Twenty-nine-year-old Rohit Sharma recalls growing up with monkeys in Ayodhya, the famous pilgrim centre in Uttar Pradesh. The last few weeks though, in the midst of the COVID-19 lockdown, he has witnessed a behavioural change in the animals. “Since my childhood, monkeys have been an integral part of our daily life – both from a religious point of view and in our social living. They eat from our hands, touch us in playful moods and, at times, sit on people’s shoulders. It’s no more the case in the last few weeks,” Sharma, a local advocate, said.
Last week, his mother Krishnawati Devi was bitten by a monkey outside her house near Naya Ghat in Ayodhya. It was a hot and quiet forenoon and Krishnawati had stepped out of her house to buy some essential non-food items when the monkey unexpectedly but her. Immediately rushed to a local hospital by her family, she returned home tired and stunned after her treatment.
“Monkeys in Ayodhya are used to the hustle-bustle of humans, crowded religious places, high decibel rituals, and free meals at mathas (Hindu monasteries) and temples,” Sharma tod Mongabay-India over a telephonic conversation. His mother joined the phone conversation to explain how, in decades, she has never seen such aggression among these primates.
“The coronavirus outbreak and the subsequent lockdown have changed the character of the place, and monkeys are certainly not finding it normal. I have never seen them so angry,” said the 45-year-old homemaker Krishnawati.
“For years, I have seen how at noon, monkeys queue up to have prasad (holy offerings) when dozens of mathas and temples organize bhandaras (a religious public feast). They have always been cheerful, but now we see them sad, dull and observe a change in their behaviour. They are getting a bit aggressive,” said Mahant Rajivlochan Sharan, a temple priest at Swargdwar. Sharan said one of his neighbours was also attacked by a monkey recently.
The lockdown may have affected the behaviour of some groups of monkeys in two ways, said Arijit Pal, a primatologist. “It could have altered their ‘daily activity budget,’ which means the amount of time dedicated by monkeys to perform activities like feeding, movement, grooming, being inactive, playing, vocalising, etc. every day. For instance, due to scarcity of food the time dedicated by monkeys to search for it, and the area they cover to look for it will change. If earlier they moved 500 meters to get food, now they might be moving 1.5 km for it. This shift in routine can, in turn, alter their daily activity budget,” Pal said.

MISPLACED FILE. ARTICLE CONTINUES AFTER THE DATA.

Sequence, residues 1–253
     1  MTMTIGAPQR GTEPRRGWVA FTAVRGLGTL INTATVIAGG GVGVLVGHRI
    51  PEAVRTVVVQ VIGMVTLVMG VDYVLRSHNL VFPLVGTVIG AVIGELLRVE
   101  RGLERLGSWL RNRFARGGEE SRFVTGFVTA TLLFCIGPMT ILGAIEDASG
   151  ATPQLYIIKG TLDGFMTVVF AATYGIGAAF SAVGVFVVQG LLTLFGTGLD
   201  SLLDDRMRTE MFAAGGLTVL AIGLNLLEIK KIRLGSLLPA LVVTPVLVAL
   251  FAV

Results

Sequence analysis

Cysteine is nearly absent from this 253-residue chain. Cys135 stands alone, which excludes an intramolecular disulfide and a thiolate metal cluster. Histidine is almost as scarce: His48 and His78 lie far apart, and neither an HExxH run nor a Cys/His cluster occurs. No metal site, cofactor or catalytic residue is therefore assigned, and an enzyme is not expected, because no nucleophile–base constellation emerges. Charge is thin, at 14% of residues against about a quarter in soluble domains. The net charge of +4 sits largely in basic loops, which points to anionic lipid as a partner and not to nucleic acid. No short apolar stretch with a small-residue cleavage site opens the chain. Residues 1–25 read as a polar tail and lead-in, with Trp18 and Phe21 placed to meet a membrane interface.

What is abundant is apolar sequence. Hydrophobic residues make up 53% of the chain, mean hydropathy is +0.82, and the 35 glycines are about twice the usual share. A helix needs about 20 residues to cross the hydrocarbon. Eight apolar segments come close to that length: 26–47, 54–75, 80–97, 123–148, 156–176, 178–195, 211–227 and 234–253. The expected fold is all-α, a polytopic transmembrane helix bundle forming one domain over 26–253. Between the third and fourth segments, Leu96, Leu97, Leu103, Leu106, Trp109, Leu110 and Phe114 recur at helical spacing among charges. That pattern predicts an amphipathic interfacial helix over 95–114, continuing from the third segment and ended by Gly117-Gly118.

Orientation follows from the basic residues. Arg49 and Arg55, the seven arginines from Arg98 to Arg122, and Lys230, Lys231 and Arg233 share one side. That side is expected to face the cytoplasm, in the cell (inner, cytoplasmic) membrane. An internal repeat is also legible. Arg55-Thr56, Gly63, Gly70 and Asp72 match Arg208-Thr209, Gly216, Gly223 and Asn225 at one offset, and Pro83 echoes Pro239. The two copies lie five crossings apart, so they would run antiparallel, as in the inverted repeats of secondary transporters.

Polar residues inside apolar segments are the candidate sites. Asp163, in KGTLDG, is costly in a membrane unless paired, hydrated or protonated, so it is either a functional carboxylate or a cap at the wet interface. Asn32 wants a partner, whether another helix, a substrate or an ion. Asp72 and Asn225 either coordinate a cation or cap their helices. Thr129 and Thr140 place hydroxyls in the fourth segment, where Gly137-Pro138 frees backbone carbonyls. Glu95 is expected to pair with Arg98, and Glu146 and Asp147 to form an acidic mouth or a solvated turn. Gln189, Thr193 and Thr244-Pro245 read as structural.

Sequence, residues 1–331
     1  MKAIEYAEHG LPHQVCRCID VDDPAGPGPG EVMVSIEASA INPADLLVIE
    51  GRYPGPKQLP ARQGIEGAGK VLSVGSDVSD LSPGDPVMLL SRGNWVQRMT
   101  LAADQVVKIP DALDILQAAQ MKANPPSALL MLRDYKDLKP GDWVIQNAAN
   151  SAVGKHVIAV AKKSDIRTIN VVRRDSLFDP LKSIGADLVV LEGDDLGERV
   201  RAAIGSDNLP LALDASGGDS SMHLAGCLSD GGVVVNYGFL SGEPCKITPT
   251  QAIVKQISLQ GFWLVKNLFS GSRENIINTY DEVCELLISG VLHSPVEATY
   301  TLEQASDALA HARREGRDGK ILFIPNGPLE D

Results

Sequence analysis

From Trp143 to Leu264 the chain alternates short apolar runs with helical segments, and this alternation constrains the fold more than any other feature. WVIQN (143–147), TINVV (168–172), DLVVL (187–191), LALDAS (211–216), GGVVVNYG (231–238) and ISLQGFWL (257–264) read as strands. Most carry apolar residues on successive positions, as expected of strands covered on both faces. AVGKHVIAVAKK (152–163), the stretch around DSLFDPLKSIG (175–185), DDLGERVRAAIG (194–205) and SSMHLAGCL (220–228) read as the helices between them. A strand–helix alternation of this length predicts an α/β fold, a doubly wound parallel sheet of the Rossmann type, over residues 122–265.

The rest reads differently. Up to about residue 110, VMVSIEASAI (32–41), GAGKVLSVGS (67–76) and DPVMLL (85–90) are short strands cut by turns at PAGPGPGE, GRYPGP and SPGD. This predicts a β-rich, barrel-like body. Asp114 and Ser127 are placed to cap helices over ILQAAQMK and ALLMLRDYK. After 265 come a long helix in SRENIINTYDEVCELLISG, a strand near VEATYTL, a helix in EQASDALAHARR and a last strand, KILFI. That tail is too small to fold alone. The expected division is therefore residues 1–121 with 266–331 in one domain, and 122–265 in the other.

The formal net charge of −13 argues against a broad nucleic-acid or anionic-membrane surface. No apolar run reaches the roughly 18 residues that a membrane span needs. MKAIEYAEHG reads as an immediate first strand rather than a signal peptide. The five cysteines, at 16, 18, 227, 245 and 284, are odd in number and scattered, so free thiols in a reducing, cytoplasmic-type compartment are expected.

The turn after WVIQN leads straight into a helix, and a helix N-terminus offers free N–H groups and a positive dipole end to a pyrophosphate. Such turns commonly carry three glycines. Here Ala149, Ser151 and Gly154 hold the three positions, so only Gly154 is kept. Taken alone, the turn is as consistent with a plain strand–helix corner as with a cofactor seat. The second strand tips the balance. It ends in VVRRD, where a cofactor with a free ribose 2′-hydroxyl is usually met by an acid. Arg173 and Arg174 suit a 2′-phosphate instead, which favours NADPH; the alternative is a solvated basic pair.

Secondly, the lockdown will increase the intergroup and intragroup competition among monkeys. “Hierarchy really matters in monkey groups, but usually inside a monkey group, fights do not happen that frequently. However, the increasing food crunch will lead to more competition and conflicts within and among monkey groups,” Pal explained, further adding that due to pervading silence, monkeys must be hearing their rivals better, which has the potential to impact their behaviour.
Besides, Pal, a post-doctoral researcher at the National Institute of Advanced Studies (NIAS), also pointed out that monkeys in some urban pockets have become dependent on human beings for food. They are no longer used to natural ways of acquiring food and instead they look at humans as their food enablers. And human absence has a direct bearing on them.
“It is a reflection of what we have done to them over all these years,” he added.
S.N. Biswas, who practices Ayurveda in the district, concurred with the changing behaviour. Biswas said post the lockdown, he is getting between eight to 10 people attacked by monkeys coming to him for treatment almost daily. Earlier, he claimed, it was not a regular affair.
Temple priest Sharan said that there is widespread fear that the monkeys may be infected by the novel coronavirus. However, there is no scientific proof of coronavirus spreading among monkeys.
Human-animal conflict is a global concern – constant contact between animals and humans results in injury to humans and their livestock, crop damage, and retaliatory killing of wild animals. The inverse situation has been developing in Ayodhya; lack of human interference during the lockdown and the pervading silence is bringing about a change in monkey behaviour.
“Even though monkeys are wild animals, some groups of monkeys who stay in close vicinity of humans like temple monkeys are known to develop emotional connections and dependency of food on the human community, somewhat like community animals. When they don’t find these familiar faces or friends around, it bothers them. It was expected that they would have fun during the lockdown with fewer humans around, but it’s not happening. The ecology of these community monkeys has perhaps made a special space for humans. Due to the lockdown, the absence of humans in their daily life has left them longing for friendly human company,” said Kamna Pandey, an animal welfare activist in Uttar Pradesh.
Over a period of time, some monkey groups start recognising people, and their absence could affect them, said Vijay Pal Singh, a professional monkey catcher. “The monkeys in Ayodhya might be finding the current lockdown and prevailing silence abnormal. The change in their regular habitat composition, lack of provisioned food, and disruption of their daily routine must be the reasons behind a change in their behaviour,” Singh explained.
India has over 29,453 active COVID-19 cases as of May 4. A lockdown in the country began on March 25 after which it was extended to May 3 and then further by two more weeks.
Shweta Thakur Nanda is a journalist based in Delhi NCR.